The jobs report released this morning is a mixed bag, with manufacturing adding jobs while the overall economy lost them precipitously. NAM Chief Economist Chad Moutray provided us with the manufacturing numbers from the Labor Department report: “Manufacturing added 38,000 workers in December, rising for the eighth straight month and making the sector one of the bright spots in an otherwise disappointing (but expected) report.”
And here’s the bigger picture for 2020:
- “Despite gains since the spring, the labor market for the sector remains well below its pre-COVID-19 pace, with manufacturing employment down by 543,000 in December relative to the level in February. The manufacturing sector had 12,309,000 workers in December, down from 12,852,000 in February but a definite improvement from 11,489,000 employees in April.”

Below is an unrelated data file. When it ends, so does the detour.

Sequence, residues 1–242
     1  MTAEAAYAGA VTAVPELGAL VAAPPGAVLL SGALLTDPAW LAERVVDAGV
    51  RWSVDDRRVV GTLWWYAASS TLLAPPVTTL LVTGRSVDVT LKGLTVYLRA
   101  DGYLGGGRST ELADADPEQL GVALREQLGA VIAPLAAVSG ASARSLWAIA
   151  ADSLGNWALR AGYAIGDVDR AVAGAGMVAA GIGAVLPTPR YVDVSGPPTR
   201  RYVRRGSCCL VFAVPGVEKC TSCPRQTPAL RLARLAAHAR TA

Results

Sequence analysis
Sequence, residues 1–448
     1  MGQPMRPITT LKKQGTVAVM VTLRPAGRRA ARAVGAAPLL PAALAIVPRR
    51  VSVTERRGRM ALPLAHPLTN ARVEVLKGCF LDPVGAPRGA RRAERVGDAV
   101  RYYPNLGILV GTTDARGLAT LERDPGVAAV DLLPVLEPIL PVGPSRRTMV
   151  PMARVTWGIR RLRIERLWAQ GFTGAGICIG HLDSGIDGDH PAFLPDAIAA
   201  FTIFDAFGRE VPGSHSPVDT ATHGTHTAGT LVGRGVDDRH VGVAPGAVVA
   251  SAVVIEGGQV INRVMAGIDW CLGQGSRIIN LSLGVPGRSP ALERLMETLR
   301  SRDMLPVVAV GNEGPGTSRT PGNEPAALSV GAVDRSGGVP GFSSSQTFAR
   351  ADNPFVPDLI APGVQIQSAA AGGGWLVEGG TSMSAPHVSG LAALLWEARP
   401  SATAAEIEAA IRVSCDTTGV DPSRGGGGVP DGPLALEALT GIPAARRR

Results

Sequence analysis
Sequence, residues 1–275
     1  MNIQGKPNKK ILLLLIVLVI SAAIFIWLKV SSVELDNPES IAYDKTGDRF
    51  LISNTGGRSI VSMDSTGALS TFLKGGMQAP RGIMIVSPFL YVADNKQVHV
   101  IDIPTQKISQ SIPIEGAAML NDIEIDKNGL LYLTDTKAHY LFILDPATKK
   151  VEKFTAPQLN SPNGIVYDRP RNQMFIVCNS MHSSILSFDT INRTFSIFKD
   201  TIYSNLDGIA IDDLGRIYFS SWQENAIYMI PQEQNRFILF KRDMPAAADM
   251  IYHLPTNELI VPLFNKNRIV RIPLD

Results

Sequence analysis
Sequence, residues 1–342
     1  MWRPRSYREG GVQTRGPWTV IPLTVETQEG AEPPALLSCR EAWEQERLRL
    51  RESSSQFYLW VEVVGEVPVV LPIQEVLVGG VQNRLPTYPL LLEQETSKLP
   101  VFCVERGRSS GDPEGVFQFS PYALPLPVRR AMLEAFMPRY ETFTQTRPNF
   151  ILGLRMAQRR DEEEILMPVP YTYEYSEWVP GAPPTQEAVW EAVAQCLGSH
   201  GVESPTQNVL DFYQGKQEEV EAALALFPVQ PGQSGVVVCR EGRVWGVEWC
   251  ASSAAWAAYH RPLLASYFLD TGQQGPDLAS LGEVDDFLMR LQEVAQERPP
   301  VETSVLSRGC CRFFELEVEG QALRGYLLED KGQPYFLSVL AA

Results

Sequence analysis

- “Overall, the manufacturing sector lost 557,000 workers in 2020, the largest annual decline since 2009 and ending three years of gains.”
- The Institute for Supply Management® reported that manufacturing activity continued to expand solidly in December, ending the year at the fastest pace of growth since August 2018. Growth in new orders matched the pace in October, which was the best since January 2004, and hiring expanded for just the second time since July 2019, with some respondents noting ongoing difficulties in finding talent
- The ISM® report also noted lingering supply chain disruptions remain, despite solid progress since April in these data, including supplier labor and transportation constraints. Raw material costs rose at the swiftest rate since May 2018.